This portrayal of the real world leaves any individual grounded in nothing. There is no local, national, or international. There is no way to truly quantify just how tolerant the world has become. The only thing that can be quantified is just how engaging a narrative is. The desire to create scalable content is much more important than the desire to create a socially adjusted, tolerant human being.
We just want to be part of we.
'We' think this is an outrage.
'We' think __________ is totally wrong!
What do YOU think?
Do YOU want to think what WE think?
Join the #WeArmy today by liking us on Facebook! Don't ever lose track of what #we think!
How can 'we' create an authentically tolerant generation?
If Jerry Seinfeld has a problem with the post-unhealthy impressionability Generation Z or their auto-response tolerance, it seems as though a new method of teaching tolerance must be enacted by the controllers of the world. We cannot use headlines, issue-neutral blog posts, and social media discussions to seek truth in this world. The idea of becoming a more tolerant person means exposure to different groups of people. Tolerance means you've seen and felt injustice firsthand, beyond #cyberbullying. You've felt firsthand the overwhelming unfairness of social, financial, racial, sexual or any form of discriminator.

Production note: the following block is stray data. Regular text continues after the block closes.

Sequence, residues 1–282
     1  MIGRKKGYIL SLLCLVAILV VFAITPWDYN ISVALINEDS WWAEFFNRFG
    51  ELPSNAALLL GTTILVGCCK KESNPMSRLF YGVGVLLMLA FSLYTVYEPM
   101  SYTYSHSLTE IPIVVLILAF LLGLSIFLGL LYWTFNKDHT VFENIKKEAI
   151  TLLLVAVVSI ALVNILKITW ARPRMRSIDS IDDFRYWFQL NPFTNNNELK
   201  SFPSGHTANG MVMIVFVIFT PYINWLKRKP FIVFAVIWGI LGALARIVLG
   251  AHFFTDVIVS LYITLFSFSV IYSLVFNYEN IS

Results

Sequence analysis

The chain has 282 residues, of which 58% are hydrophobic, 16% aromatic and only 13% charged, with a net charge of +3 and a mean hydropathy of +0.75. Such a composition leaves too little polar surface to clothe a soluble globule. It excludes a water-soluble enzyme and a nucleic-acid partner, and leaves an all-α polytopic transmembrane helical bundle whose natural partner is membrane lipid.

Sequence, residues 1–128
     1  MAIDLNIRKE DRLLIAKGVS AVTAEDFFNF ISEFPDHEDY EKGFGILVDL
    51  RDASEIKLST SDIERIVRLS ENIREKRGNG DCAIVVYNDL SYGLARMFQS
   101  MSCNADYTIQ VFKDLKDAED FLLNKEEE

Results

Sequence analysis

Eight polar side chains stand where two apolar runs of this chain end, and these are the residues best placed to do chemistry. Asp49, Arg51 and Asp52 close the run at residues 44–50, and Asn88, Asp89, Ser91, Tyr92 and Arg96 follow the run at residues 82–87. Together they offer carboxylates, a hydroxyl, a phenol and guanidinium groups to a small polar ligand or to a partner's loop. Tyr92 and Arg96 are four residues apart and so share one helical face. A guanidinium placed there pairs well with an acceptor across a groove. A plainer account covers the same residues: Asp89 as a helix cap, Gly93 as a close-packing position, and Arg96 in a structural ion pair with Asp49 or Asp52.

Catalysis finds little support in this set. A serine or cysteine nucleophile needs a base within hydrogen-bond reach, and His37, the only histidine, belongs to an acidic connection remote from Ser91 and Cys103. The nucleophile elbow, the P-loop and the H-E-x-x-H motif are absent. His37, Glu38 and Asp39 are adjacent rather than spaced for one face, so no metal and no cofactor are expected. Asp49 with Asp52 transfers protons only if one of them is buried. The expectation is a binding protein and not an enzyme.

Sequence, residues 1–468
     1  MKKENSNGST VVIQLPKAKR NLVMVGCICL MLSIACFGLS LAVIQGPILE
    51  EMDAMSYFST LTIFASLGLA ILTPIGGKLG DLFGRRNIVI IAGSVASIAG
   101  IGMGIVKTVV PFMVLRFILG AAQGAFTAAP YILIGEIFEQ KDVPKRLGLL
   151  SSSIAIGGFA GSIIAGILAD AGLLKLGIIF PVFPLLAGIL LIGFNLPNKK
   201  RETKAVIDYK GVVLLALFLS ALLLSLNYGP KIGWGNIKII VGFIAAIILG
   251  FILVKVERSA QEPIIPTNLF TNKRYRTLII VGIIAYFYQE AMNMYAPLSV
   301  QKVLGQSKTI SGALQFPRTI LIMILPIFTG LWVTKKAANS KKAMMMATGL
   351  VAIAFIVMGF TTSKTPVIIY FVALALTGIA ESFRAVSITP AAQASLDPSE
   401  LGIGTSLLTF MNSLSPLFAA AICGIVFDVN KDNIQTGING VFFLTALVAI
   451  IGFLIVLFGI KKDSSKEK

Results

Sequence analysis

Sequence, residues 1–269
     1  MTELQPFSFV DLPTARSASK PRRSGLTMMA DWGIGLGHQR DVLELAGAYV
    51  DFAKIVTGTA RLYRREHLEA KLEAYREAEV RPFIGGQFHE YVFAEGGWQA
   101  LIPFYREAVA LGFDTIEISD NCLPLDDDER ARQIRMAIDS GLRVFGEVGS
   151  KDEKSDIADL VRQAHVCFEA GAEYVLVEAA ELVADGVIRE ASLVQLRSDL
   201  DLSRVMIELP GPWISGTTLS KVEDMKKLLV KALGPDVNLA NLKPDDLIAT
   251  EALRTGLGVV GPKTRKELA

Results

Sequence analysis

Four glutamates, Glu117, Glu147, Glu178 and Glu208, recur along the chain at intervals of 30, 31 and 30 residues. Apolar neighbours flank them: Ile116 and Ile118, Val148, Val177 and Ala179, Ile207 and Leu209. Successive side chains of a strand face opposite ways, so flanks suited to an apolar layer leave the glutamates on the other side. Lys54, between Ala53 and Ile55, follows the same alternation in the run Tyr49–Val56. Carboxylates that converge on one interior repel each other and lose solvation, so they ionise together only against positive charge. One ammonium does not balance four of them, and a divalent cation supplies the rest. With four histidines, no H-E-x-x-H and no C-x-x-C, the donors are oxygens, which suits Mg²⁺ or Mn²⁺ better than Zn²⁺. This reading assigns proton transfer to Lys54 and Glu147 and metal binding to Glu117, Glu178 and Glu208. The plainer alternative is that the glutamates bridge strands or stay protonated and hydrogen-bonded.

Instead, authentic tolerance can be learned by witnessing disparities in opportunities first hand. Generation Z must get off the internet to experience true injustice, instead of just reading about it and how celebrities tweet 'in poor taste' regarding that injustice. They must walk outside, and see the irreversible repercussions of social injustice that cannot be corrected for generations.
Until then, we are all stuck believing that we are independent, critical thinkers based on the independent, critical media that we keep consuming.